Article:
GNR – The Pedals

Guitar Nerd Report: My new pedal board is based on the chassis of my old acoustic guitar board, and retains the delay pedal from that rig. The compressor, overdrive, phaser and chorus pedals, and T•Rex power supply are from my old main board, which was more than double the size of this thing. All the other pedals are new, acquired to get the exact sounds I need for this band. I may no longer be a boy, but part of me really loved playing with all the coloured boxes and velcro.

So here’s how it works:
The first pedal in the chain is a TC Electronic Hyper Gravity compressor. When I first got this pedal, I tried the Tone Print setting, and it was almost perfect. A couple of little tweaks, and I haven’t looked at it since. It stays on and feeds a nice even signal with groovy sustain through the rest of the chain. The compressor feeds into a TC Electronic Sub’n’Up Mini octaver, which I got to provide sounds for some specific parts, as well as a cool 12-string sound with its polyphonic setting. The tracking on this pedal is awesome, and having it second in the chain ensures a clean input signal for it to track. I’m sure I’m going to find more some places to use this nifty little gadget!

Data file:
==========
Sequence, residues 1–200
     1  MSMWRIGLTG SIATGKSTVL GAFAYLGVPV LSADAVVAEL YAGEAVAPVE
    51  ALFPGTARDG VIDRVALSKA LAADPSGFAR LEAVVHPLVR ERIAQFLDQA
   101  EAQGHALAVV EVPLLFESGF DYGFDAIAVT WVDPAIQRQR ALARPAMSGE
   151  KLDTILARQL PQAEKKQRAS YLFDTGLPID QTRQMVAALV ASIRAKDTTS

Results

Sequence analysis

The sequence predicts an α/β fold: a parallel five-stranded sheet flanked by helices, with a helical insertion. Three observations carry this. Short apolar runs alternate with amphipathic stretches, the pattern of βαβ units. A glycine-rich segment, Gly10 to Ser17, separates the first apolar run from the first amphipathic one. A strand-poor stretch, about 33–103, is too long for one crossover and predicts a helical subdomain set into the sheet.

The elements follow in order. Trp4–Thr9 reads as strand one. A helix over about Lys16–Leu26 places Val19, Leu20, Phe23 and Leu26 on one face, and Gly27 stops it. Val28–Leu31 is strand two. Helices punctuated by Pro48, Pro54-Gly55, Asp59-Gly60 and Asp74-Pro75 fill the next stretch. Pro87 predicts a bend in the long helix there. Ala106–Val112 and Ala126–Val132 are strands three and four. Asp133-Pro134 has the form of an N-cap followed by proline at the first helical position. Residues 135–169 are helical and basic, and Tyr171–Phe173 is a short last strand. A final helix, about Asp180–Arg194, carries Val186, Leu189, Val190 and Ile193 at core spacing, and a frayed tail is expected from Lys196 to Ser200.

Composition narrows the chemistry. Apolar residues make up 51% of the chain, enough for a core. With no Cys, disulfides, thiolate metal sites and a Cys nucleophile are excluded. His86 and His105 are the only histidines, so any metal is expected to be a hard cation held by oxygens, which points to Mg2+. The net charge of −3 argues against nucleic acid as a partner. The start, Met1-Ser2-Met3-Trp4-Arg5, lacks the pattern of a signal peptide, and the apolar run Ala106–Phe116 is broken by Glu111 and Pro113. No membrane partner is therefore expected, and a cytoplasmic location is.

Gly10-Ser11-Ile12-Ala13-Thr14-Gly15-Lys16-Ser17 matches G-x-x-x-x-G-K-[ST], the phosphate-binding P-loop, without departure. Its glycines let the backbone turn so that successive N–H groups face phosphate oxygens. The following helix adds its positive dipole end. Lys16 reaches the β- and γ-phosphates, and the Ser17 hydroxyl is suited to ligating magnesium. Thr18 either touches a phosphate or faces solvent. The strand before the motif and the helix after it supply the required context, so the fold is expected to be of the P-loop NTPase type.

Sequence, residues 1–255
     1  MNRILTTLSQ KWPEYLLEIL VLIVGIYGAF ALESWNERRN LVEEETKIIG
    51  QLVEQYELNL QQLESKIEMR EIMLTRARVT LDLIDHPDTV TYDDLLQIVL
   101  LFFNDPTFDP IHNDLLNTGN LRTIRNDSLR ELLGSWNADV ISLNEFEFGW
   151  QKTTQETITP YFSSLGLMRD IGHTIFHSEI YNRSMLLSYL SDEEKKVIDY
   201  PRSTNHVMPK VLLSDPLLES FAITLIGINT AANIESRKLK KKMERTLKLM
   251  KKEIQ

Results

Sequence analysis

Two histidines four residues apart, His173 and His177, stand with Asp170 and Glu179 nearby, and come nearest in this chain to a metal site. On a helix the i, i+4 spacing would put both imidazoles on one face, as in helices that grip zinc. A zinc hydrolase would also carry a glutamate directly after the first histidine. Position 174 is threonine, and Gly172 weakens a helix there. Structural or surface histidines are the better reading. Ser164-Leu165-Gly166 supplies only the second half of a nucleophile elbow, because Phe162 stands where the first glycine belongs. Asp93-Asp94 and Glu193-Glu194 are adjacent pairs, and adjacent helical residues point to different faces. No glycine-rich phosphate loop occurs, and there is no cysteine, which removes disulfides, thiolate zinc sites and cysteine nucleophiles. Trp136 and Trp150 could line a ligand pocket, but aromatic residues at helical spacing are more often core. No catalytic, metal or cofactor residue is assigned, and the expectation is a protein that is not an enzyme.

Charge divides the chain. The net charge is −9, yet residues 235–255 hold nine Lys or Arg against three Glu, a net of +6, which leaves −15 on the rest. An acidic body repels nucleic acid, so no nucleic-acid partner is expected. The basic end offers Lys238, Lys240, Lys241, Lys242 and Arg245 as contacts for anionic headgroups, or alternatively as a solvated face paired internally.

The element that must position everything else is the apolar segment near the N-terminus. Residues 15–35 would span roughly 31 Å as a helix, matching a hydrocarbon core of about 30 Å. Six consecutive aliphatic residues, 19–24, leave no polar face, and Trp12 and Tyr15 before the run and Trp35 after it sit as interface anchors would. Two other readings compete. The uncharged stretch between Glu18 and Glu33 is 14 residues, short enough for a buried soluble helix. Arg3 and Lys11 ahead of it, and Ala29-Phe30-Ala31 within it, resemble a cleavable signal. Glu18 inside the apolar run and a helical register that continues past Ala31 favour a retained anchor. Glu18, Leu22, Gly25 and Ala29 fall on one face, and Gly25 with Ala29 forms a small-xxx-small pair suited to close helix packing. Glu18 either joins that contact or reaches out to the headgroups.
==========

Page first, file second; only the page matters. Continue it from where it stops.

Next up, the Ibanez TS9DX Turbo Tube Screamer features the same circuitry as the classic TS9, with the addition of three new settings. This pedal has been with me for ages, and has enabled me to pull some wicked tones from the new rig – more on that in my Quest For Tone post.

The signal then runs into a TC Electronic Spark Mini booster, which is used mainly for boosting cleaner sounds for solos. The booster plugs in to an MXR Phase 90 which, apart from having some cool textures, allows me to passably emulate a wah-wah, which I am terrible at. Next is an MXR Analog Chorus which sounds wonderful on clean sounds, especially when used with the octaver in poly mode.
The last pedal in the chain is a good old Boss DD3 digital delay. I don’t seem to be using as much delay playing a blues rock repertoire, but when the perfect spot comes along, it stands out all the more.
The effect chain then runs into a Radial Bigshot ABY pedal which can switch between amps or run both together. I have mainly been running both amps, but there have been a spot or two where switching one amp out allows for some interesting dynamics. More on that subject in the forthcoming Quest For Tone!


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